This post is brought to you by Universal Robots.
This year’s SXSW festival in Austin, Texas featured a UR10 cobot in a show-stopping demo that highlights the robot’s creative capabilities. The demo was developed by innovation studio Deeplocal to help launch National Geographics’ new “Genius” TV series based on the life of Albert Einstein. People were invited to tweet a photo of themselves to a UR10 robot set up in front of a digital chalkboard. Using Einstein’s own handwriting, the cobot quickly began writing the inventor’s equations on the chalkboard, in seemingly random locations. It was only on stepping back from the chalkboard that the person’s portrait—made up entirely of equations—became clear. (Watch the UR10 channel science and art in this SXSW video report from Adweek.) The robot’s speed and accuracy—as well as sophisticated programming capabilities—made the demo possible.
"This project was created in just 3 weeks,” said Kevyn McPhail, roboticist and integration engineer with Deeplocal in Pennsylvania, who was commissioned by National Geographic to create the demo. “We really liked working with the UR robot. It was an incredibly fast process." Deeplocal—which describes itself as “kind of like an advertising agency, but with aerospace engineers, a CNC router, table saws, and a lot of background noise on our conference calls”—started out loaning a UR3 robot, but quickly decided to purchase its own UR10.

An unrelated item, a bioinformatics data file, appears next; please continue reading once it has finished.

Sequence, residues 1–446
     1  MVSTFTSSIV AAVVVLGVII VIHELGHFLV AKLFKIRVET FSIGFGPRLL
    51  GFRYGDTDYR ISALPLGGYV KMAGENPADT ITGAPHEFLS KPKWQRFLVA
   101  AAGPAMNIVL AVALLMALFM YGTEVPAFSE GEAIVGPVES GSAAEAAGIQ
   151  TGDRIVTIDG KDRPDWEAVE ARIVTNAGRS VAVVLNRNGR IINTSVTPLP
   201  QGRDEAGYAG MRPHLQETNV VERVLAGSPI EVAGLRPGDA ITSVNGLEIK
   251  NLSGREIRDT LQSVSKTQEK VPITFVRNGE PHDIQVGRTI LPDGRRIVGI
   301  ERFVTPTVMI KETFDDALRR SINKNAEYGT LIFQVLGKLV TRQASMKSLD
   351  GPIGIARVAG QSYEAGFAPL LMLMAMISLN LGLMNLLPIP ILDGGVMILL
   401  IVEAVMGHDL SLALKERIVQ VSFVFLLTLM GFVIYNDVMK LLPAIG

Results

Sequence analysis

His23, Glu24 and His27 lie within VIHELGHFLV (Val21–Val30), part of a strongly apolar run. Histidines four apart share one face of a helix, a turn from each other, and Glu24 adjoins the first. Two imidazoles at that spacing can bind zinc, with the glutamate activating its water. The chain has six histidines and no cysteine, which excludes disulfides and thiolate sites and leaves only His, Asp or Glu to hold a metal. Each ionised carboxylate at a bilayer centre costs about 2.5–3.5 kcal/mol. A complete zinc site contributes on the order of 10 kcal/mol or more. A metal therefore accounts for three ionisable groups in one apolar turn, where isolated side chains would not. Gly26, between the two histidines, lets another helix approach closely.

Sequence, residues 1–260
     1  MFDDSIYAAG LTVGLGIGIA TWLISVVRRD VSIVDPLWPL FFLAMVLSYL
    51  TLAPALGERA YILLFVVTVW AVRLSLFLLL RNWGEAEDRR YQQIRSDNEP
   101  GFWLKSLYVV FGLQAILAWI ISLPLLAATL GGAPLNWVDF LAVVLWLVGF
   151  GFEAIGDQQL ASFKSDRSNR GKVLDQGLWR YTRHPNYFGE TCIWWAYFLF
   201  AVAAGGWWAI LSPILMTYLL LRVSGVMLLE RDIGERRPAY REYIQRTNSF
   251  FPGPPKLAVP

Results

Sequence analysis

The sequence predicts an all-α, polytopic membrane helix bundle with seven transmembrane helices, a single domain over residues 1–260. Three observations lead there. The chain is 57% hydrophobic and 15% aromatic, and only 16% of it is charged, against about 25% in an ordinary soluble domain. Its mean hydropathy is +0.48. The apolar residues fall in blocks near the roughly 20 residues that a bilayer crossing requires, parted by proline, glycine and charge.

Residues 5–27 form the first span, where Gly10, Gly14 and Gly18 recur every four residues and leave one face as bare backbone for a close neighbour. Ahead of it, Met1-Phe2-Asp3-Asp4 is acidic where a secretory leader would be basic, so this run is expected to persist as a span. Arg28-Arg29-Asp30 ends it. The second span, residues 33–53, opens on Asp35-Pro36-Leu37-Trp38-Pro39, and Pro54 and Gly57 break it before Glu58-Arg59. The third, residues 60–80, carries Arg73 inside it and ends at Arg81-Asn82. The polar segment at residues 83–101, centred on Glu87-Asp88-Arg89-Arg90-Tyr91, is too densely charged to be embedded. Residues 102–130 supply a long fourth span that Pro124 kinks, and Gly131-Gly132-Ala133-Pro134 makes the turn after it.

In developing this cutting-edge demo, Deeplocal also received invaluable tech support from Universal Robot’s Tom Moolayil in the New York office. “The UR team really helped us push the application in ways it had not been pushed before,” said McPhail, who is now contemplating future UR robot projects.
The programming for the demo was done on a PC, using custom software made possible by the Universal Robots’ open interface SDK. This allows third parties to easily develop their own software tools for creative applications and make them available through the UR+ ecosystem. Once the photos were scanned and input to the computer as vector graphics, the program broke the image down into sequences that were streamed to the robot with ordered trajectories to trace the path. To maintain the surprise of the portrait emerging, the trajectories were deliberately sent in what looked like random order so that the demo appeared to be the robot simply writing equations—until the portrait was completed.
While this appears to be a one-of-a-kind application, it represents the powerful programming capabilities of the UR robots. While many cobots are implemented in repetitive applications such as machine tending or pick-and-place, new, more complex applications are emerging every day. Those may include changeable operations such as gluing or welding parts with different shapes and different required paths, which can be programmed similarly to this demo.
Einstein himself wrote: “To raise new questions, new possibilities, to regard old problems from a new angle requires creative imagination and marks real advances in science.” (The Evolution of Physics, co-authored with colleague Léopold Infeld.)
This “genius” example using a Universal Robot shows just how possible those advances are.
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